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When my great-grandparents, and maybe yours, landed at Ellis Island and were given a new “American” name, they started out at the bottom of society. With the help of their community – people to teach them English, to help them get jobs, and to integrate into society, they took the first incremental steps toward success. Four generations later, I am (and maybe you are) lucky enough to be possessed of the benefit of that long-ago hand up.
Lawyers hold themselves out as trusted advisors, passionate advocates, and public citizens with a special responsibility for the quality of justice in our society. We are trusted to represent clients in matters of great importance – for my clients, that means the one chance an injured person has to hold the responsible party accountable, to stand for David and take on Goliath in a court of law. That is the fight that we make our trade.
We live for that fight, but it is impossible to walk through this world without seeing countless others who need legal help and to know you are uniquely able to provide it, to fight for them too. I see immigrants – ghosts of my great-grandparents – seeking refuge on our shores who need to navigate a complex system bent on casting them away. It is a system that will succeed because they do not understand the rules. I see new members of our community bullied because they do not understand their rights. I see problems with the quality of justice in our society.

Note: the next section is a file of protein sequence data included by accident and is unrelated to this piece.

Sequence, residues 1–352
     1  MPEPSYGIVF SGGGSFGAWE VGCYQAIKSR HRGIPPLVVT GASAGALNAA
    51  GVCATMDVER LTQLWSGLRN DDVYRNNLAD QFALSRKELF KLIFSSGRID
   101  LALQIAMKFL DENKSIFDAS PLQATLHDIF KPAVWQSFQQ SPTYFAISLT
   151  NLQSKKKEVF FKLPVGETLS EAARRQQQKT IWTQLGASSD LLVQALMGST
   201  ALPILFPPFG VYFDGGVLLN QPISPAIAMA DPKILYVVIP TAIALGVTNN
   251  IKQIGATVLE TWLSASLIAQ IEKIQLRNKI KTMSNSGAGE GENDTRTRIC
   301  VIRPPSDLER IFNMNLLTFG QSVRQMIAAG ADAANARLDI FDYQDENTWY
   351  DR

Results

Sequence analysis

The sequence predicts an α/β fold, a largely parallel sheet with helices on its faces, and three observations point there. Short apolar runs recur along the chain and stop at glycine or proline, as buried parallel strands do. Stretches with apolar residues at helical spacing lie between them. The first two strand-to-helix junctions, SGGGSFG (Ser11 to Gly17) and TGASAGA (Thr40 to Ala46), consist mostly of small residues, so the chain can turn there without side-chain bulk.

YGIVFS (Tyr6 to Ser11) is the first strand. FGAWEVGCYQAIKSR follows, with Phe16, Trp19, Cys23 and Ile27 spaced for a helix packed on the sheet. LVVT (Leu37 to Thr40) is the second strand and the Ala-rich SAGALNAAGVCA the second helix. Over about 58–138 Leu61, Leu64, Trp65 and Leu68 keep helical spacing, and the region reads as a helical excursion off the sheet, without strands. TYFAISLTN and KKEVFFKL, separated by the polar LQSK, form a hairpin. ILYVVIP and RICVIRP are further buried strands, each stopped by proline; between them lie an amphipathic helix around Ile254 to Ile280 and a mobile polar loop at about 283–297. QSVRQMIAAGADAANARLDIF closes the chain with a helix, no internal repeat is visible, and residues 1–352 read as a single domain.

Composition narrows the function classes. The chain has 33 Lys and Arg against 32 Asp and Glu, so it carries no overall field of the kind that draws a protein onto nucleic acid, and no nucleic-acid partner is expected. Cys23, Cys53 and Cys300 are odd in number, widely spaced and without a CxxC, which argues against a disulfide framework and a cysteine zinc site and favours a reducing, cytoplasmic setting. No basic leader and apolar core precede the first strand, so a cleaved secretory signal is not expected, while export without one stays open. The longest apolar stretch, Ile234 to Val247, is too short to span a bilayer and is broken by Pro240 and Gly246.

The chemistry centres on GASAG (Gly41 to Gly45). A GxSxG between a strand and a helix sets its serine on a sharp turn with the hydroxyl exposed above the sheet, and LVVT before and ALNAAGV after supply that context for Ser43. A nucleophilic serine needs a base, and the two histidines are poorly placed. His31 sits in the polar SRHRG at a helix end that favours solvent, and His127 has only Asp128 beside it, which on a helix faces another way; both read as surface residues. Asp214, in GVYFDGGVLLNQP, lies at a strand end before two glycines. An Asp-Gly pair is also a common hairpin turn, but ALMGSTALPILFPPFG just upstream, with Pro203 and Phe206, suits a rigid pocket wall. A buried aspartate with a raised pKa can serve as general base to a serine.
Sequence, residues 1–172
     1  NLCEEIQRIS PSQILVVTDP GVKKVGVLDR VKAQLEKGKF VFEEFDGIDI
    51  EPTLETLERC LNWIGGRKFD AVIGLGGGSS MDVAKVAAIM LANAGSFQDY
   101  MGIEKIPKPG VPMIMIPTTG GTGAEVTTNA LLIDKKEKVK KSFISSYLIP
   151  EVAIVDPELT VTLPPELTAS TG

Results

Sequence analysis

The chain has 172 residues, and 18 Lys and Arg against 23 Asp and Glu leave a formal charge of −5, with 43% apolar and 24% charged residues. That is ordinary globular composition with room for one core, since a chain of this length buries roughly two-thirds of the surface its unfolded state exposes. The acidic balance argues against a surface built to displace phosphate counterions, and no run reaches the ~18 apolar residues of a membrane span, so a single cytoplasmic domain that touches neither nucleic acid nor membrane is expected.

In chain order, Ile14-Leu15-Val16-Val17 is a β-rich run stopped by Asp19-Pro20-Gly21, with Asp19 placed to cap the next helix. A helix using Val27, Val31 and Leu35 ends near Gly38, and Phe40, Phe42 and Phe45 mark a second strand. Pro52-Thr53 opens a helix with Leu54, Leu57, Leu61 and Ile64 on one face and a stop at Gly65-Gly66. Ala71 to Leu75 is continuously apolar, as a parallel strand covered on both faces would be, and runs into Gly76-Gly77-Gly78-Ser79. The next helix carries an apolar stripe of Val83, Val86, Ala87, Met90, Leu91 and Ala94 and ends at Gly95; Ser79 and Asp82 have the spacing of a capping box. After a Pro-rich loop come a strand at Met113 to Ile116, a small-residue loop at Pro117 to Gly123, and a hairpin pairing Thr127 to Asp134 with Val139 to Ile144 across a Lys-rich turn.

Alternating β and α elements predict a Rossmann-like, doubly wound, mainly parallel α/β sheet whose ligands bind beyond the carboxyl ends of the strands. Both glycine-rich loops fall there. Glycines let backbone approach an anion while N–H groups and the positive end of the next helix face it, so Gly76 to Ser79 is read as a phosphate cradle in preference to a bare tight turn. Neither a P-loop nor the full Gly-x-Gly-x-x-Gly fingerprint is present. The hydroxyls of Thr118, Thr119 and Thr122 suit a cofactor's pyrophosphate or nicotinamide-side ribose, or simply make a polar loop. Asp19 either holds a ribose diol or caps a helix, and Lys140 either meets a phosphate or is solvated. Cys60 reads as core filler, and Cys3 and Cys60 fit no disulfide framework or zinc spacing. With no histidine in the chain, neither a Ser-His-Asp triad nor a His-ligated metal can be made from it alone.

Working for these people benefits them, but it also benefits all of us. They will make our community a richer place by adding their strengths to our society – whether it is their unique perspective, special skills, or dogged determination and work ethic – but our legal system can be intimidating and stand in their way. As lawyers, we are able to lift some of the burden off their shoulders and help make space for them to thrive in a more just society. The legal work is pro bono publico – for the public good.
For me, working for the public good means taking on the representation of a mother and child seeking asylum in the United States. It means helping members of our community understand their legal rights and find access to resources that allow them to become part of an inclusive society where everyone plays by the same rules. It means helping them give their great-grandchildren the opportunity to extend a hand up to someone else a hundred years from now. It means planting a tree under whose shade I know I will never sit.
Pro bono is often shorthand for “free,” and it is legal work for which a lawyer expects no payment. But the phrase is much deeper than that. It is work that we do not only for the benefit of an individual, but also for the benefit of society as a whole.
We are personal injury lawyers and public citizens working for a more just society. We are grateful for our clients, without whom we would be unable to provide free legal work pro bono publico.